Moral injury and moral repair: The possibilities of narrative practice — David Denborough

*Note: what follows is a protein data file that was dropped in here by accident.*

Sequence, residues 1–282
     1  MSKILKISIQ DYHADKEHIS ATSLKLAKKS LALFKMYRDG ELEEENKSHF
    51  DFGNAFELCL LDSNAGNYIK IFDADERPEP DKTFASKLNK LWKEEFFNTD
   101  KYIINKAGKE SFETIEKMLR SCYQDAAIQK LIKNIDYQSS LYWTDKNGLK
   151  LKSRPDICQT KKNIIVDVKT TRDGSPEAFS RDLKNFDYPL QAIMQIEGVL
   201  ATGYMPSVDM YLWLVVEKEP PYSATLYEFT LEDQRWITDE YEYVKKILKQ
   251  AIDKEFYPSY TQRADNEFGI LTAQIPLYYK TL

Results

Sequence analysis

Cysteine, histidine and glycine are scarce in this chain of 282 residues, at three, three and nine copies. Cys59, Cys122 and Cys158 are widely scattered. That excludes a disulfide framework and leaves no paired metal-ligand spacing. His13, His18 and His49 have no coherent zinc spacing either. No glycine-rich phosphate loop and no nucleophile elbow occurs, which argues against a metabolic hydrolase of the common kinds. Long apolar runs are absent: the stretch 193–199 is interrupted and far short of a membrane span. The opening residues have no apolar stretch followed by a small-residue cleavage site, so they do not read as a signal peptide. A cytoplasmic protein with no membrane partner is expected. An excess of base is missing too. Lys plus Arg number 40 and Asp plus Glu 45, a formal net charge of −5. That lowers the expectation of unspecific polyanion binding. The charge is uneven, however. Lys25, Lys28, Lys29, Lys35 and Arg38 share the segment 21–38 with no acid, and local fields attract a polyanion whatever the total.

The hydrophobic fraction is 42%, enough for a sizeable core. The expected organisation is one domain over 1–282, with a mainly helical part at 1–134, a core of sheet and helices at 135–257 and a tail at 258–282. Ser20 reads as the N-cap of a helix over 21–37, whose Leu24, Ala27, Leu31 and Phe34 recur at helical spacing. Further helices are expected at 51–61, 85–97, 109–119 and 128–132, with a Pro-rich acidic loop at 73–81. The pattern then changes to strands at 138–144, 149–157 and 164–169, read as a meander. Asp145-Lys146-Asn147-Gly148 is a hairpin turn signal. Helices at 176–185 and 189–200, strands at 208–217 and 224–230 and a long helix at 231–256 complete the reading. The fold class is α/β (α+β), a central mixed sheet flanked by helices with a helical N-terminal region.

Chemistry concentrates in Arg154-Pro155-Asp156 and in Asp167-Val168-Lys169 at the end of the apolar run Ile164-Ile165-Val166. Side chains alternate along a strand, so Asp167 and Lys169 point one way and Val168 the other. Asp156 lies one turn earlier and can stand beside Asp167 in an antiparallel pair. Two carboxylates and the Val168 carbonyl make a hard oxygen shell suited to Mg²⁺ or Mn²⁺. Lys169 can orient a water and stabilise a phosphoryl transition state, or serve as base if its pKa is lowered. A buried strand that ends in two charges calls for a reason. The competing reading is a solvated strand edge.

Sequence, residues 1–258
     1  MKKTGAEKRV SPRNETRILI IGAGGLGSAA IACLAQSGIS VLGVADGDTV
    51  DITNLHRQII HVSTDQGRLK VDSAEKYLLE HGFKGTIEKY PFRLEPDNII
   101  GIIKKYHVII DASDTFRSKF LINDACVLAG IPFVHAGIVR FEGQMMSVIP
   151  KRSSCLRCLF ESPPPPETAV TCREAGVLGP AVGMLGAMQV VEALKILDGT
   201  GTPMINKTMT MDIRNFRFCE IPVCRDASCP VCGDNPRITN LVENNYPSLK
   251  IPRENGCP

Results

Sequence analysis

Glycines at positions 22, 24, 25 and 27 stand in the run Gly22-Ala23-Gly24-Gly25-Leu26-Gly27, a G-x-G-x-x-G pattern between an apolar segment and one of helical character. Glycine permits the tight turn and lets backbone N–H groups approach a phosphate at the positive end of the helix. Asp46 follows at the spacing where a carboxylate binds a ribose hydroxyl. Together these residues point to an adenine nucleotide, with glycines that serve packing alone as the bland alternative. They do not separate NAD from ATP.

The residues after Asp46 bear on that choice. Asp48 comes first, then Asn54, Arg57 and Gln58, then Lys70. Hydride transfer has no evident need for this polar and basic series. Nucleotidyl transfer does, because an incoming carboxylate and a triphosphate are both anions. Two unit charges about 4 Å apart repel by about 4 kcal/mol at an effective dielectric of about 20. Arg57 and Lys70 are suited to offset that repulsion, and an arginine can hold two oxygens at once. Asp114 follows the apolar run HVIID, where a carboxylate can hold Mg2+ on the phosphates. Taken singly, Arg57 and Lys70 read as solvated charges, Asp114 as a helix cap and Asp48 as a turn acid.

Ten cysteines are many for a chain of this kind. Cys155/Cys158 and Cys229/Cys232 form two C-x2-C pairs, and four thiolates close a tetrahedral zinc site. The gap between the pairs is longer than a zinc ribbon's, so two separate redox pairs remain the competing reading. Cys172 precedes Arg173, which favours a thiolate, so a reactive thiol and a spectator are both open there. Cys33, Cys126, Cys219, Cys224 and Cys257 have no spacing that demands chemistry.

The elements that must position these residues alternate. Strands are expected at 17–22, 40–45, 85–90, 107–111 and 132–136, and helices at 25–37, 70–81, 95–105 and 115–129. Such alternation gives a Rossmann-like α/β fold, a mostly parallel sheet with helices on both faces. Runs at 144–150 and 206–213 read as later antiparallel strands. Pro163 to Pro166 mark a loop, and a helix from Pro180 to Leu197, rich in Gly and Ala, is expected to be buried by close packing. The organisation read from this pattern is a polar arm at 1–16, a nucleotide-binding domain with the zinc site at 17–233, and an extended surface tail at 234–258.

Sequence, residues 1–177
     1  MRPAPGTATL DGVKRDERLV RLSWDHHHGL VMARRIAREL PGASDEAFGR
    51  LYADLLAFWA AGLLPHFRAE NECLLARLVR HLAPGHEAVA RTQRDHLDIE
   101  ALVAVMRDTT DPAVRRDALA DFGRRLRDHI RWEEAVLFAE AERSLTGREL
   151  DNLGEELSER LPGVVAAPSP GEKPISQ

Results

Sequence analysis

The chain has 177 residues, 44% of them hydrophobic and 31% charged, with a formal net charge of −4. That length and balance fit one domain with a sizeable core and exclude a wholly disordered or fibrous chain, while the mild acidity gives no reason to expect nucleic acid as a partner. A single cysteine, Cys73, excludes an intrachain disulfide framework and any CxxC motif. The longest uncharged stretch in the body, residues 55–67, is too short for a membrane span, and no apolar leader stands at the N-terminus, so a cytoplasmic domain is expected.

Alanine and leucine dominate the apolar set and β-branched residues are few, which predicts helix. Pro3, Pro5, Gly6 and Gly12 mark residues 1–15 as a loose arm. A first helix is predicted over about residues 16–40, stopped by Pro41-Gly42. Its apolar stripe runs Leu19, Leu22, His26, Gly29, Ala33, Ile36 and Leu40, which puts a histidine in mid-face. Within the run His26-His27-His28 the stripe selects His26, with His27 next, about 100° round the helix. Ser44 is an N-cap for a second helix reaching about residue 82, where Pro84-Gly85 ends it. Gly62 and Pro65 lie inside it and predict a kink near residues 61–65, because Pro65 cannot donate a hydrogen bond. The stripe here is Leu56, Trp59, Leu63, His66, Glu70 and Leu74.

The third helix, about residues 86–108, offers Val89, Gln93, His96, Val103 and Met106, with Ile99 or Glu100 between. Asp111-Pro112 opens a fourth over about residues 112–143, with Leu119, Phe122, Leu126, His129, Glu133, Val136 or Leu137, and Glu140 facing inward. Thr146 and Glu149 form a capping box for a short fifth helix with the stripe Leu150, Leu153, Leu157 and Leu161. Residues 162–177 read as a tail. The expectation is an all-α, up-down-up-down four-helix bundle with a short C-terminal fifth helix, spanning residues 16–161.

With a focus on the aftermath of the war in Afghanistan, this paper grapples with the suffering induced by war, and particularly with moral anguish. Following a critical analysis of development of the concepts of PTSD and moral injury, and the material effects these have on the lives of veterans, David Denborough offers a series of additional responses drawn from narrative therapy. These include the key concepts of ‘re-authoring’ stories of identity, externalising problems, honouring responses to trauma, considering distress as a marker of fidelity, re-membering those who have died, and moving beyond scripts about forgiveness. He also offers responses drawn from collective narrative practice that respond to veterans’ stories in ways that avoid both admiration and judgement, instead seeking to communalise grief and enable contribution. These include the exchange of witnessing letters and the Team of Life narrative approach. Denborough argues for a response to moral injury that is both moral and social. He highlights possibilities for linking ‘healing’ with social action: collective projects of moral repair that seek to redress the harm done to others, including the civilians of Afghanistan.